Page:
Thanks for the pics! Yes, I looked at their website just now and it's not on there, so maybe they have discontinued it. It does have D3 and calcium, so probably OK for him, but I think I would definitely use it every other day, and on the alternate days use something with a higher calcium content like limestone flour (you can get it from horsefeed suppliers, or places like Countrywide, I think). It's a white powder that is just powdered limestone. Or even better yet, you can buy pure calcium carbonate (food grade) on the internet quite cheaply and it lasts a long time, and that would be good too. If you have trouble finding any of these, let me know and we'll find somewhere for you. I see they have it on the Shelled Warriors shop -- it's a kilo which will last you forever, but there is free postage. Do check and see if they sell smaller quantities though https://www.shelledwarriorsshop.co.uk/1 ... 3038-p.asp
Re the lambs lettuce and dandelion -- oh dear, our hands are up as you are right, that is very confusing! If I can try to clarify (lol, which I probably can't), the lamb's lettuce has a green traffic light because there are no harmful properties in it and so it is safe to feed as part of a wide and varied diet. Dandelions have more nourishment in them than lamb's lettuce, but they also have some oxalates so we gave them an amber-green light -- but really as far as feeding is concerned I would say they are the same and both should be fed along with as many other types of safe plants as possible, but dandelions are probably a bit better. Yes, but still confusing, I hear you say!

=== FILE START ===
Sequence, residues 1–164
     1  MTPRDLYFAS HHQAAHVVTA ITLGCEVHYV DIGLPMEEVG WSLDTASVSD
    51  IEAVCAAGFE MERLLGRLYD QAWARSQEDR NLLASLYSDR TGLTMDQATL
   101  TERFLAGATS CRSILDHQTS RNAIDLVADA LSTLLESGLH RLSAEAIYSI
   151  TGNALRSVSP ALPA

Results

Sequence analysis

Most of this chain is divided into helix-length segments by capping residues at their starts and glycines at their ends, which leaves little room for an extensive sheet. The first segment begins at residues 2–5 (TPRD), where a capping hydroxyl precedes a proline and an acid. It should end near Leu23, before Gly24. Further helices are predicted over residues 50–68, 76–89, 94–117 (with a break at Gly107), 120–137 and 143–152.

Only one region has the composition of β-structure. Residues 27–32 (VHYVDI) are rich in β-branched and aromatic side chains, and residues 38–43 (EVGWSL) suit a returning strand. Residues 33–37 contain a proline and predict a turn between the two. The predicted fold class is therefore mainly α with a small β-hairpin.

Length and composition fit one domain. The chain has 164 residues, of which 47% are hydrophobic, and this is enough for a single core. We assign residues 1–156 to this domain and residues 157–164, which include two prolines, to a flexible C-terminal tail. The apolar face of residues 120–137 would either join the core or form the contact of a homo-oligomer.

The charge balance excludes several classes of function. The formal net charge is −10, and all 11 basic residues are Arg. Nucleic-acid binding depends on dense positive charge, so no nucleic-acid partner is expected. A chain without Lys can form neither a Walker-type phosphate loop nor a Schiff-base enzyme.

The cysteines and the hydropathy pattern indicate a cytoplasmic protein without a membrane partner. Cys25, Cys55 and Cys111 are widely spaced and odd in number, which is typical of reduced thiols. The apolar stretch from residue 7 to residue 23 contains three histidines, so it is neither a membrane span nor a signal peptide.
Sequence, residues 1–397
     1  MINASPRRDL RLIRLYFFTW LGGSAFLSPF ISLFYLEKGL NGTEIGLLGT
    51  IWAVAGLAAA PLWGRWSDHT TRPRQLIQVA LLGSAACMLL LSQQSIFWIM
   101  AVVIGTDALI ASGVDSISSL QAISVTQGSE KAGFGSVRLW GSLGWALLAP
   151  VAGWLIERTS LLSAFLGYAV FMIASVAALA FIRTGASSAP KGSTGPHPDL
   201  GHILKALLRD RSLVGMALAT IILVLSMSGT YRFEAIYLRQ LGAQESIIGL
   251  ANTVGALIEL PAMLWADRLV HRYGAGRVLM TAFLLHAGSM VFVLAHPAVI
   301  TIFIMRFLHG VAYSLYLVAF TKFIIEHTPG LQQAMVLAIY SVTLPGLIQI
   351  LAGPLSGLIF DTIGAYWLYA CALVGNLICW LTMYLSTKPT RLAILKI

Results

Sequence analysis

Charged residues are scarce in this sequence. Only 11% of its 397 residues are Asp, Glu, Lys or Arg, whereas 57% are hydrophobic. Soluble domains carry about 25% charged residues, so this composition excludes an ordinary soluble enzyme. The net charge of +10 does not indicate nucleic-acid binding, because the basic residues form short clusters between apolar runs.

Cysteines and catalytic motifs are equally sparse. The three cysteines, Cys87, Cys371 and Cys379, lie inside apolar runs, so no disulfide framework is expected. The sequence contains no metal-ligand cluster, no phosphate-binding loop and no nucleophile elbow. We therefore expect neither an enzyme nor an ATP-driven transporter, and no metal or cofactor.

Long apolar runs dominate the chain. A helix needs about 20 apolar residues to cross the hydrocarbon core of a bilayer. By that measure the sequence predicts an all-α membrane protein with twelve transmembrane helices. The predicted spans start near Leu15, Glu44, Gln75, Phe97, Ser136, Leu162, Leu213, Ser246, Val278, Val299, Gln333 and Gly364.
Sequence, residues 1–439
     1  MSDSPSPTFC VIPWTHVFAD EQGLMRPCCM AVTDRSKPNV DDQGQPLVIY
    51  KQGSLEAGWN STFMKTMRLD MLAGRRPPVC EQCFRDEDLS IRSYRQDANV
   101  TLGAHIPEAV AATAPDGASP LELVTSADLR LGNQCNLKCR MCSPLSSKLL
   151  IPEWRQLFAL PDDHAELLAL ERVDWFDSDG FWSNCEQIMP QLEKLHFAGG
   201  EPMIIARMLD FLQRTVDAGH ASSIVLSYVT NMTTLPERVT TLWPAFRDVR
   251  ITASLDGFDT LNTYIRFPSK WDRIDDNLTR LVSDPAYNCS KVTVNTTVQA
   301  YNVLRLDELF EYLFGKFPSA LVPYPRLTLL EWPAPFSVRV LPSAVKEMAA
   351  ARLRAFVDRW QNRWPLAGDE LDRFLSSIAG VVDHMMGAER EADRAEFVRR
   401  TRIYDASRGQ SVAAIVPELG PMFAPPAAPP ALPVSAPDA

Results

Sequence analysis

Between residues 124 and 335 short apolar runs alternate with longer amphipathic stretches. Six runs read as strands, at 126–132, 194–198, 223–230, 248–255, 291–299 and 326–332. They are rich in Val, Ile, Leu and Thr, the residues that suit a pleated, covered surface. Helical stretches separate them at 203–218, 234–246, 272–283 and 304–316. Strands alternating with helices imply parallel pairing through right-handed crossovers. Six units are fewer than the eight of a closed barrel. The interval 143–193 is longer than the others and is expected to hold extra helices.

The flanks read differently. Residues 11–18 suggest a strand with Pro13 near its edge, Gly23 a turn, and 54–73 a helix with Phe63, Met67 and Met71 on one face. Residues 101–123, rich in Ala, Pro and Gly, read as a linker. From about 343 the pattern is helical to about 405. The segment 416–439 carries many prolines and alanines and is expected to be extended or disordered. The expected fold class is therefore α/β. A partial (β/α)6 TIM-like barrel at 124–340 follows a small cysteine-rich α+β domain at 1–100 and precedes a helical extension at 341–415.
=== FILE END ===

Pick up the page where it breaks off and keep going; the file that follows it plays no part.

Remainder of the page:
One interesting fact is that in the wild, most species of tortoise are said to consume over 200 different species of plant in any one season. Of course we can't replicate this in captivity, but we can do our best to ensure that they get as wide a variety of plants as possible, and that no one or two plants form the majority of their diet. Sometimes we have a plant listed as a 'don't feed' or 'feed sparingly', and people say that in the wild tortoises are known to eat that plant. But that plant in the wild will form a small percentage of the total plant intake of a tortoise, whereas in captivity with a total of fewer plants fed then that plant will form a higher percentage of the diet, and that is why we usually err on the side of caution in our recommendations, as we don't know how much of a plant anyone is feeding to their tortoise.
Sorry to have gone on at such length (you've probably nodded off twice by the time you reached this sentence)!